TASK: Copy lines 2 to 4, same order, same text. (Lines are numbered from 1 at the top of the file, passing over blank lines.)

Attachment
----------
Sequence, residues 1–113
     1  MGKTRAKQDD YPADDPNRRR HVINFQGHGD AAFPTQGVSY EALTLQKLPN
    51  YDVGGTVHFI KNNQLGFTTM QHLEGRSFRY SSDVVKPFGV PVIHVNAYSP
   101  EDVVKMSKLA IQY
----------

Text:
     1  MGKTRAKQDD YPADDPNRRR HVINFQGHGD AAFPTQGVSY EALTLQKLPN
    51  YDVGGTVHFI KNNQLGFTTM QHLEGRSFRY SSDVVKPFGV PVIHVNAYSP
   101  EDVVKMSKLA IQY